The US veterans were to fly from Frankfurt Airport to Tempelhof Airport in the Air Service Berlin’s historic “Raisin Bomber” in order to join their British and French comrades for the press conference. At Frankfurt Airport there is a copy of the Berlin Airlift memorial where a commemoration had taken place that morning. However, the “Raisin Bomber” fell through and the US Air Forces in Europe provided a replacement aircraft in no time at all. Surprising? Not so. In the end, two very prominent representatives of the US Air Force wanted to partake personally in the Berlin festivities. They were General Arthur J. Lichte, US Air Force Commander of the Air Mobility Command, and General Roger A. Brady, Commander of the US Air Forces in Europe.
Following the press conference it was off to the museum for the opening of the special exhibition where every last spot on the grounds was occupied. “Check Six”, the band of the US Air Forces in Europe, put the audience in the right mood with swing-era songs from the forties. The main speakers for the evening were Edzard Reuter, an honorary citizen of Berlin and the son of the legendary Berlin mayor Ernst Reuter, and General Lichte. The US veterans were represented by Lewis Dale Whipple, Vice President of the Berlin Airlift Veterans Association, the British by Air Vice-Marshall George C. Lamb, and finally the French by Georges Drouault. Overall, it was a beautiful and harmonious evening that all who took part will long remember.
“The Berlin blockade and airlift offer much food for thought. Their stories should be known to us all, both young and old alike. Former Federal President Richard von Wiezsäcker was wise to remember the old saying: If we don’t know where we came from, we don’t know who we are.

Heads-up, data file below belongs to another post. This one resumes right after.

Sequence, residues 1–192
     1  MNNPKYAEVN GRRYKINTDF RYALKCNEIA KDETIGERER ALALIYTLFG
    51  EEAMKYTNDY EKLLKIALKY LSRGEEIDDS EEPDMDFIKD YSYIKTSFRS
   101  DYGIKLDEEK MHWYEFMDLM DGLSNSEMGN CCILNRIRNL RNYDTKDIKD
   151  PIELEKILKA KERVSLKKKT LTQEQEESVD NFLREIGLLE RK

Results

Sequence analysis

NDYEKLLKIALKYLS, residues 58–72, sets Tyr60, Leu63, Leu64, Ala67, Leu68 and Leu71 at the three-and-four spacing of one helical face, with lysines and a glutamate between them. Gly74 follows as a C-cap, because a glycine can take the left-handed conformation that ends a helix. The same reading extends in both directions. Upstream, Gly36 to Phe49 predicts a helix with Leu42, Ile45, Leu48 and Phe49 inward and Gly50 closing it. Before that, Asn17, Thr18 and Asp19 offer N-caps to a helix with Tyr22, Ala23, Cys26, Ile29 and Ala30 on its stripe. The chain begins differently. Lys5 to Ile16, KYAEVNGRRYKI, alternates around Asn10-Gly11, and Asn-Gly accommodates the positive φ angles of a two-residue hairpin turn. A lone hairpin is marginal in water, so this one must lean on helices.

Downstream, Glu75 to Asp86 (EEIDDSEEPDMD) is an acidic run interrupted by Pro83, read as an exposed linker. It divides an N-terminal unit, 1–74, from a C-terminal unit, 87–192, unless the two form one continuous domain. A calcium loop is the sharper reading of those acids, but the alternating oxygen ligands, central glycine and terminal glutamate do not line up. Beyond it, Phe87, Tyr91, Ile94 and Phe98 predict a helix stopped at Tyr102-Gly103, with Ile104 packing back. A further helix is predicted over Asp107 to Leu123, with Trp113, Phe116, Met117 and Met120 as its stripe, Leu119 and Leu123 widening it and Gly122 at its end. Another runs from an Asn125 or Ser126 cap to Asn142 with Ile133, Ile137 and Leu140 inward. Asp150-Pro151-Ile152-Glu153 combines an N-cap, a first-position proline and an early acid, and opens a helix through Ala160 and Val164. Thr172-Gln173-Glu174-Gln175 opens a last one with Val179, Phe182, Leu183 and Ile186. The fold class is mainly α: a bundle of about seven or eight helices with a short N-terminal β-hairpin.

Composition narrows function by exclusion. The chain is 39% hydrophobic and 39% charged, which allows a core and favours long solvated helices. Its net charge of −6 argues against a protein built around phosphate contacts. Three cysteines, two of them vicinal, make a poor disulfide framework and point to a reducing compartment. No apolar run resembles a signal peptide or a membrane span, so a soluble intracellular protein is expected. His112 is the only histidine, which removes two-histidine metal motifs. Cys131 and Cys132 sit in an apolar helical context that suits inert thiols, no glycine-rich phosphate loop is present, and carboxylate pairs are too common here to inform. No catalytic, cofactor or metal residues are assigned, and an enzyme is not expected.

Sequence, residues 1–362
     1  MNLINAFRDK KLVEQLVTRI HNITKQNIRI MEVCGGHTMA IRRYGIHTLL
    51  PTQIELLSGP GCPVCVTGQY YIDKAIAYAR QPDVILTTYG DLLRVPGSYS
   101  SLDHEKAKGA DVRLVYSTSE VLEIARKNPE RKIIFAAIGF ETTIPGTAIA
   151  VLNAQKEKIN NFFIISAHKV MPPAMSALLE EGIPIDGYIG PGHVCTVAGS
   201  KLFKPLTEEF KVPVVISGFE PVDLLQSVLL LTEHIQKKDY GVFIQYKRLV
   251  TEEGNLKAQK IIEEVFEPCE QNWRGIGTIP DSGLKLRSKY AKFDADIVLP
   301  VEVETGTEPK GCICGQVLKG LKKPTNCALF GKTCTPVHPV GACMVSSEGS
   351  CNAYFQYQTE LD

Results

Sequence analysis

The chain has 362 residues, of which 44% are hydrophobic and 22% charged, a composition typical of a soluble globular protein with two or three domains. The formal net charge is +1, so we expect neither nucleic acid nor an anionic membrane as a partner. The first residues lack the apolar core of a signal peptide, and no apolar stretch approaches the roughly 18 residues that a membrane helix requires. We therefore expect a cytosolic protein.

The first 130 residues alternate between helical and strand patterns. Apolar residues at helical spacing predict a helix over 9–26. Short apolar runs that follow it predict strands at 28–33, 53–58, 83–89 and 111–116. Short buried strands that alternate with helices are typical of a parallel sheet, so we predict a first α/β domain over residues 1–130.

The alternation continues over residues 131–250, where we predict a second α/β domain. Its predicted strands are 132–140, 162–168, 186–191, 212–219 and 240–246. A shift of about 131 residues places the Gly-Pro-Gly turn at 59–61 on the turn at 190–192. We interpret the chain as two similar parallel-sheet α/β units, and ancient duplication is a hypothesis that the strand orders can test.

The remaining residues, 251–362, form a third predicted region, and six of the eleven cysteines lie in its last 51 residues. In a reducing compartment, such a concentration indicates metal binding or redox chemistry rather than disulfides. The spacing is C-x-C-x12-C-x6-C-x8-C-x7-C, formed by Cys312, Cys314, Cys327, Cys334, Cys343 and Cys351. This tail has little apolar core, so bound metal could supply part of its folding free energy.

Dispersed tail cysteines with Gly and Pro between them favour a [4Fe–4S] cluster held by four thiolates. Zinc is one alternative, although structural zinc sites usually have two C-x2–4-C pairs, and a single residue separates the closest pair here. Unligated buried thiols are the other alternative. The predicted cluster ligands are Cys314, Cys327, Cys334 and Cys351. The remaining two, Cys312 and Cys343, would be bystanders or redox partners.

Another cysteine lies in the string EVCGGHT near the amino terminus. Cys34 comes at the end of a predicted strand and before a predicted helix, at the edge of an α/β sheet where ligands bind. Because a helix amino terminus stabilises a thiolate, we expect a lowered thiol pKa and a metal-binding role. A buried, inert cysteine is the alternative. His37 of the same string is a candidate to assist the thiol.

Without the success of the airlift, there would be neither a unified Berlin nor a united Germany and the development on the entire European continent would not today be determined by the fundamental values of freedom and democracy. But this success did not come without a price. The human and material efforts were immense. We have gathered together today to recognize the achievement by the people of the US, Great Britain and France, not mention those from Australia, Canada, New Zealand and South Africa. For this reason we are also joined here today by the veterans. The names on the base of the Airlift Memorial remind us that several of the soldiers paid for this mission with their lives. Let us prove ourselves as worthy beneficiaries of this highest of missions.”
Dr. Helmut Trotnow OBE
“The images in this exhibition recall the irresistible power that can emerge from the ideas of freedom, human dignity, democracy and solidarity if they are worn with courage and preparedness, to unconditionally defend those who are thirsting for them.
And precisely for this reason I am firmly convinced that my fellow German countrymen here in Berlin, and all over our fatherland as well, will bow together with me in everlasting gratitude…
These friends (from the United States, from Great Britain, and from France) did not act in the interest of their own nations, they acted in selfless aid of the Germans, fellow humans beings threatened by brutal oppression.”
„As we departed Frankfurt ... I was struck by the profound emotion of hope. Hope then not only for the Berliners trying to survive the repression of the Soviet Union, but as a pilot, I also felt the hope of the Allied airmen wanting to complete their mission, to save individuals, families, villages, the City of Berlin and the whole of the German people …
That fortress of hope was built not only by the Allied Airlift, because nearly every pound of cargo moved ‘part of the way on a man’s back’ – the backs of Germans …
This will to succeed endured then and now, humanitarian airlift is the “outstretched hand of hope”.
General Arthur J. Lichte